Atlanta hate crimes prove anti-Asian violence must be taken seriously

Rachel Yim, Senior Reporter

A year ago this month, the global pandemic landed in the United States. While the COVID-19 cases are finally going down, COVID-19 inspired hate crimes against Asian-Americans have been on the rise ever since the start of the pandemic.

It’s been a year of anti-Asian racism and rising violence. The mass shooting in Atlanta, Georgia on March 16th, where eight people – six of them Asian-American women, were targeted and killed at businesses owned by Asian-Americans, proves that the country has a serious problem with anti-Asian hate crimes.

After the capture of the suspect, the police noted that the shooter’s violence was a response to a “sexual addiction” and was “not racially motivated.” This explanation expects us to ignore the evidence that’s right in front of our eyes.  

Evidence such as unfair power dynamics of race, gender or class can’t be ignored. I mean, what about the legacy of America’s history of violence in Asia? For many Asian-American women, racism and misogyny are deeply intertwined with their day-to-day lives.

It is heartbreaking and horrifying; but sadly, the violence in Atlanta isn’t a surprise to many. Since the start of the pandemic last spring, Asian-Americans have faced racist violence at a much higher rate than in previous years. According to a report from Stop AAPI Hate, 3,795 anti-Asian discrimination reports were received.

“It’s been a year of living in fear for their lives,” President Joe Biden said.

The brutality toward Asian Americans runs through more than two centuries of American history. From the time the first wave of Chinese immigrants arrived in the U.S. as laborers in the 1850s, Asian Americans have always been subject to racist violence.

There is no exception on college campuses. While higher education is overflowing with statements about its commitment to greater diversity and its awareness, students who face discrimination often don’t know how to get out of the situation. 

To recognize different ethnic groups and to better understand each other is a key to a healthy college campus. The bottom line is that institutions of higher education need to step up and stand against bigotry.

In her email to Oakland University community members, OU President Ora Pescovitz emphasized the importance of recognizing the issue and accepting diversity.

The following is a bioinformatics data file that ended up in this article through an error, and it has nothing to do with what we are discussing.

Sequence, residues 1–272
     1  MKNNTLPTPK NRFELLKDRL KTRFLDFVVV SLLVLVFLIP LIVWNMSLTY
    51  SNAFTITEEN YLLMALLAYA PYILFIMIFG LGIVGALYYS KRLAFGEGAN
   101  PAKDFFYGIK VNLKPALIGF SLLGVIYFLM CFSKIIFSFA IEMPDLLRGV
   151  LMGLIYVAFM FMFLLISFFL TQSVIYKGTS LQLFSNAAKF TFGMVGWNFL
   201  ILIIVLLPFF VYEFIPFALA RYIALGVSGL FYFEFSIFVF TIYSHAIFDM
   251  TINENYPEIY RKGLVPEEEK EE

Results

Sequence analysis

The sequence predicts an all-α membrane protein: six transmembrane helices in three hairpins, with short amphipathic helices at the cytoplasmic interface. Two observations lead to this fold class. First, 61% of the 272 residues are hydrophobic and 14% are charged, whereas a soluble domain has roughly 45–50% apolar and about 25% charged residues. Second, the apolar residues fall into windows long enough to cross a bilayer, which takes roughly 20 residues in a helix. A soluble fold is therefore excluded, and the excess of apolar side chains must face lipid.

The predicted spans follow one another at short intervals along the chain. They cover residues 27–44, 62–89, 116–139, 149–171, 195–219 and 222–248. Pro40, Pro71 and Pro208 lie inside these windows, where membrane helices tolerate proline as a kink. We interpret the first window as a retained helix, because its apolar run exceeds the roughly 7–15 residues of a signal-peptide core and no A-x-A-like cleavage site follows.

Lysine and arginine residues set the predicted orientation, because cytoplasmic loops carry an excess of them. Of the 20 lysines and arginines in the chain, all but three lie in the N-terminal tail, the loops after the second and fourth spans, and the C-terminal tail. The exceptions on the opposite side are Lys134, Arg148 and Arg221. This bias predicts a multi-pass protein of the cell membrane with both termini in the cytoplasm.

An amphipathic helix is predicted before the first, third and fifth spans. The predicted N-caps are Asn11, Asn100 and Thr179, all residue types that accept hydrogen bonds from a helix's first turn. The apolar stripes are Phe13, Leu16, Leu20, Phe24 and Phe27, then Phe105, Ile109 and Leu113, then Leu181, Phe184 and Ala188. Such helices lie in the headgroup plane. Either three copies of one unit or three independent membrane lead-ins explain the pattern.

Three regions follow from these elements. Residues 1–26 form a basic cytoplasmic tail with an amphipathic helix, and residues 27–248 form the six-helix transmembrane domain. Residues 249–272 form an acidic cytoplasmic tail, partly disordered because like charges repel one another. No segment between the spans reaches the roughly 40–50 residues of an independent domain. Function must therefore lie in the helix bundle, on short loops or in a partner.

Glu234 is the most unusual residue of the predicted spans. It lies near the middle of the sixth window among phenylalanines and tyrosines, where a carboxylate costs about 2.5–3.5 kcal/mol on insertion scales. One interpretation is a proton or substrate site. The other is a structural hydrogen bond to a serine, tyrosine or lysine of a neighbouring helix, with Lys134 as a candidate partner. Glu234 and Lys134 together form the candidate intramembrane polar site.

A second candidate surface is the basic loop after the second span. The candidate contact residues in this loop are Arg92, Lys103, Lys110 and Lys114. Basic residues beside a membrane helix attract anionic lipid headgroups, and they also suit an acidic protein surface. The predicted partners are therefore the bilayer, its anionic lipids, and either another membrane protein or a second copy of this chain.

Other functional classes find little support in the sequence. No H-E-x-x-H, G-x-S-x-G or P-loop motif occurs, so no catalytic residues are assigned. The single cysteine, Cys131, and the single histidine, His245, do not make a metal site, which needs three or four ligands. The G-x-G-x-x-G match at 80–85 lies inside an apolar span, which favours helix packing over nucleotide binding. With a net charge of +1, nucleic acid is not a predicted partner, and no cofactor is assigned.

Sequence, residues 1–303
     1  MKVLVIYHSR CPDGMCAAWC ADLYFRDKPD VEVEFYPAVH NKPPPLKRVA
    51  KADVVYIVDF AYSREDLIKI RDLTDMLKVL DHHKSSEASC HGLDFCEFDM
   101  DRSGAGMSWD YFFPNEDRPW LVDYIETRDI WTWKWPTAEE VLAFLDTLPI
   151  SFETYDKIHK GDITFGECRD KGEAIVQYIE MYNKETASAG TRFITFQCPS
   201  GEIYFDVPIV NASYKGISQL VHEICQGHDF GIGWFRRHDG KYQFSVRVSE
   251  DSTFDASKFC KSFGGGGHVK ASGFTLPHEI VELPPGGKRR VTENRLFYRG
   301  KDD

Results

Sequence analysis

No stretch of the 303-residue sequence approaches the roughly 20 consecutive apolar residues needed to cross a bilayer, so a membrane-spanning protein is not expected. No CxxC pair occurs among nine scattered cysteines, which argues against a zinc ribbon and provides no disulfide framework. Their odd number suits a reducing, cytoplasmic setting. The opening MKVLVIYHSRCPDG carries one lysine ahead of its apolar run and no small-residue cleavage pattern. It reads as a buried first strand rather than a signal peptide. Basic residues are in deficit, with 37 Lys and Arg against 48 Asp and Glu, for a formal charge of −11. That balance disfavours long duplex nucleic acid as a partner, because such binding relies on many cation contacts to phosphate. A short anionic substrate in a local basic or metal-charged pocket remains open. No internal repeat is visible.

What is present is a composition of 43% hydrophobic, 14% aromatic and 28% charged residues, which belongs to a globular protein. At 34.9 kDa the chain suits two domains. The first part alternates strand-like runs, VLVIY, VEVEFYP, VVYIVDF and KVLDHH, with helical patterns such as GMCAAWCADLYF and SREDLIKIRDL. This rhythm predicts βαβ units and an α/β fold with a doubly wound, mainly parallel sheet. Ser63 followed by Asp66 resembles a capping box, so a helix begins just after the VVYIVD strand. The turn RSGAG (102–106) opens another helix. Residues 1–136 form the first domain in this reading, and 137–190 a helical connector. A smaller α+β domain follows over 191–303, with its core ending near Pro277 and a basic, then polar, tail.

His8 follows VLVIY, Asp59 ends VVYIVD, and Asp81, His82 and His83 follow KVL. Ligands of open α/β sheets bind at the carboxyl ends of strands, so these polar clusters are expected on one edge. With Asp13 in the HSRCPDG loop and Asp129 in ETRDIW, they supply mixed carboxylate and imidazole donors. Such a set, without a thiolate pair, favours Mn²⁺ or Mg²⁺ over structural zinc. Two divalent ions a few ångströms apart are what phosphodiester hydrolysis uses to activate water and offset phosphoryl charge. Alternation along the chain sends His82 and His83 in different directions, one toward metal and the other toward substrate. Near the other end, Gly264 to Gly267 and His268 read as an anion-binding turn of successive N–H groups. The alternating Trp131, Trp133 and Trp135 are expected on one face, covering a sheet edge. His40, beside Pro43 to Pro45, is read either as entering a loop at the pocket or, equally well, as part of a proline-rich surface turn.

“It is important to recognize that students, staff, faculty and alumni are negatively impacted by anti-Asian racism and xenophobia, which are antithetical to our commitment to advancing diversity, equity and inclusion, and ensuring the safety and well-being of all,” Pescovitz said. “We stand together with Asian American and Pacific Islander communities in solidarity. In the strongest possible terms, we condemn the violence that resulted in the deaths of six women of Asian descent and two others.”

Racism and racial violence are not something we are just told about. It is real, and this kind of violence has always existed in the United States. If in this pivotal moment we all walk away from this issue, this country will not change. 

Fear of going out on a walk, being vilified, scapegoated and wrongfully blamed for the start of the pandemic is a reality that Asians are facing every day. How many more innocent lives will be lost before we recognize the seriousness of racism in this country? 

The best way for us to respond to the mass shooting in Georgia is to take it seriously and work to understand the root of the problem so that another hate crime like this doesn’t occur in the future.

There’s no such thing as quick solutions to racism and racial violence. After all, what President Biden calls “un-American” is deeply ingrained in American history. 

In order to end racism in the U.S., we need to confront centuries of discrimination, oppression and violence and recognize how it manifests today. Without doing so, can America be free of such racial controversy? I don’t think so.